Vito Schnabel Gallery is pleased to present Memories of Warriors, the gallery’s debut exhibition with noted Los Angeles-based artist Chaz Guest. The presentation will feature approximately eight new monumental portraits and tableaux that together suggest a bold, distinctive form of contemporary history painting. In the works on view, Guest reclaims longstanding cultural narratives through powerful new tales of his own creation.
The artist’s first New York solo exhibition in over two decades, Memories of Warriors will be on view at Vito Schnabel Gallery’s 43 Clarkson Street space from January 22 through March 19, 2022.
Chaz Guest is admired as a commanding storyteller whose visual language is equally physical and nuanced, muscular yet emotionally complex. Motivated by a desire to express the vulnerable, sensitive nature of our shared humanity, his art explores and recasts existing cultural narratives, acknowledging the tragic truths of America’s history of racism and enslavement in a way that spotlights contemporary exigencies and opens paths toward healing. Reframing buried tales and long misrepresented facts, Guest uses stories of his own making to capture the spirits of his subjects. He deploys bravura mythmaking to unite people in a new common experience and ignite shared responses.
Guest’s paintings on view at Vito Schnabel Gallery depict scenes of perilous military action – portraits and battle tableaux that reclaim the story of the Buffalo Soldiers, the U.S. Army’s first all-African American peacetime regiments instated in 1866 following the end of the Civil War. This body of work evolved from Guest’s celebrated Cotton series, and draws as well from Buffalo Warrior, the artist’s 2017 graphic novel about a young boy who was born into slavery, fought as a Buffalo Soldier in adulthood, and was resurrected as a superhero after his death. In this series, Guest channels the influence of Akira Kurosawa’s epic 1954 film Seven Samurai, spotlighting the fierce humanity of the Buffalo Soldiers who forged forward, carrying with them the vestiges of their collective and individual pasts, in service and sacrifice despite hardship and discrimination. Guest has said, “We all need superheroes. I’d love for a generation of ‘other than white’ to be strong in their imaginations. So, I created Buffalo Warrior: the first superhero from the cotton fields of America who fought as a Buffalo Soldier.”
Guest builds his compositions through quick, intuitive brushstrokes, beginning each painting in the style of a Japanese Sumi ink drawing. As his immediate, free flowing, calligraphic lines manifest on the canvas, “they release an energy,” that, Guest explains, exerts itself in the further development of the painting. While these initial gestures may not be visible in the final composition, their influence is deeply felt in the roiling strokes of pigment that coalesce into figure and action. Invited to paint on stage in Japan in 1997 during a performance by saxophonist Kenny Garrett, Guest attributes the dance-like motions of his brush to this experience, when he created his first ‘live painting’ to the sounds and spirit of music. In the same way jazz greats layer sound through improvisation, Guest creates the characteristic layered effects of his art through a masterful handling of pigments. His battle scenes are bathed in vermillion and prussian blue with hints of yellow ochre and cinder grey. Employing washes in such hues as burnt sienna, titanium white, red umber, and sap green to create the rich-hued skin tones of his subjects, Guest mixes colors in unexpected ways, allowing combinations of oils to dry, before adding more paint to the depth and texture of his layers. He notes Giorgio de Chirico and Balthus as influences.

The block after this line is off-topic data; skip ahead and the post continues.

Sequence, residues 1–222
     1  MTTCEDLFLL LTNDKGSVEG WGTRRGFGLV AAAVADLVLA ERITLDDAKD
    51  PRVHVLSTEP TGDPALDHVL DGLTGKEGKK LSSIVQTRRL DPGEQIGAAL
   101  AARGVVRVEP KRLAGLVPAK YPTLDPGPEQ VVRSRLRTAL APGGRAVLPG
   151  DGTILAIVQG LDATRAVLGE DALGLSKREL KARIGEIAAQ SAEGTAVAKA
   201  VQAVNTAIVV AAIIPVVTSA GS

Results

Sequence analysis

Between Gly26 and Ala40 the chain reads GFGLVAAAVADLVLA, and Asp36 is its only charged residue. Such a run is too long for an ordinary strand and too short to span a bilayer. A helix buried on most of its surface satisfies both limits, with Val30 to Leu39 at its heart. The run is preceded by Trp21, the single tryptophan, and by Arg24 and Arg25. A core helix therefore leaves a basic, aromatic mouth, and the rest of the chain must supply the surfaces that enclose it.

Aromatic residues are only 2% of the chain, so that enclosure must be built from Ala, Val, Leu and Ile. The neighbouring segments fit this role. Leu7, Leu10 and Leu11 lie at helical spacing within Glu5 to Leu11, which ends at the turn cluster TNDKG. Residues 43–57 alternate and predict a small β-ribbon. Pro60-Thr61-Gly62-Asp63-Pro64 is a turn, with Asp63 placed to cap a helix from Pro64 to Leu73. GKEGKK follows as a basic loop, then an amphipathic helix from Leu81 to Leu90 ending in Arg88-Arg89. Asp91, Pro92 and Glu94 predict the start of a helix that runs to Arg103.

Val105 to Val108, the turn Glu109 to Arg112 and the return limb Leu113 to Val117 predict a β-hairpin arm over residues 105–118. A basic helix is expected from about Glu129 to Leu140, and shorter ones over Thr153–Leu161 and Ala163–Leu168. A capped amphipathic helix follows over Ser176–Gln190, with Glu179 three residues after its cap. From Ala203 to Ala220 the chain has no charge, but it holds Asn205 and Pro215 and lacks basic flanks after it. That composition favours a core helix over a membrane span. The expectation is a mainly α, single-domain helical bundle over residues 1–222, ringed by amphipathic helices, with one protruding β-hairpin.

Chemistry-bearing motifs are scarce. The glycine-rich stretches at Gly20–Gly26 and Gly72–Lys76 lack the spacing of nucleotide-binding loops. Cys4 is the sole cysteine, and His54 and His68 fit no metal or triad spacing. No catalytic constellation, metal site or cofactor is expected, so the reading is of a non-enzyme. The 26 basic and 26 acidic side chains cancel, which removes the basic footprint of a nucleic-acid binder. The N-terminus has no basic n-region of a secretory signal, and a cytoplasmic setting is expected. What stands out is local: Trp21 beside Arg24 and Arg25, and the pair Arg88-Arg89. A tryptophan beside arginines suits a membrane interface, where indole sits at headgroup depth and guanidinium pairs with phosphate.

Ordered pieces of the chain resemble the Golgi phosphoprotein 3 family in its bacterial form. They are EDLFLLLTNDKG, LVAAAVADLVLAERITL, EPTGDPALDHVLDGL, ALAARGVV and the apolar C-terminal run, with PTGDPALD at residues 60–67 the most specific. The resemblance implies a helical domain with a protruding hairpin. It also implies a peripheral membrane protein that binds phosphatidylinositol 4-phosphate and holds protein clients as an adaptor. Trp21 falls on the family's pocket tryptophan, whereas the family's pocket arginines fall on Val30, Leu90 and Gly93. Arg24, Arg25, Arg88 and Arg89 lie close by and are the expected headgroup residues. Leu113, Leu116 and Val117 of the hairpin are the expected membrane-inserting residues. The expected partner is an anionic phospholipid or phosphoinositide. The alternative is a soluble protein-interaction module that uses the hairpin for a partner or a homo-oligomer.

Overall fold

The two haunting portraits on view at Vito Schnabel Gallery, Michael K. Soldier (2021) and The Lonely Night (2021), invite viewers to look through his subject’s eyes. The sitter for these works was the celebrated late actor Michael K. Williams (1966–2021), and Guest’s works pulsate with the deep connection the two men shared while absorbed in conversation during Williams’ sitting. Tapping into the stamina and vitality, as well as the pathos and struggle, of Williams’ inner world, Guest has materialized his human struggle in the visual narrative of the Buffalo Soldiers. While the two heroic portraits on view speak to a specific tale of heroes determined to transform their world, Guest suggests that history is the sum of individual stories in the present day, at once personal and universal.
About the Artist
Chaz Guest (b. 1961, Niagara Falls, NY) is an American painter and sculptor. He is a self-taught artist who began his career in the late 1980s, after meeting the French fashion designer Christian LaCroix in 1987, who encouraged him to pursue the medium of painting. He holds a B.S. from Southern Connecticut State University and studied at the Fashion Institute of Technology in New York. His work has been subject of numerous exhibitions, including at Patrick Painter Gallery, Santa Monica, CA; Night Gallery, Los Angeles, CA; GRK Gallery, Paris France; Justin Gilany, Los Angeles, CA; Les Moliere Palais Royal, Paris, France; and the Museum of the African Diaspora (MOAD), San Francisco, CA; among others. Guest’s work belongs to the collection of the Ulrich Museum of Art, Wichita, KS; Zuzeum Art Centre, Riga, Latvia; and numerous private collections, including former President Barack Obama; Oprah Winfrey; Beth Rudin DeWoody; Angelina Jolie; Ted Sarandos and Nicole Avant; Tyler Perry; and Herbie Hancock, among others.
Guest lives and works in Los Angeles.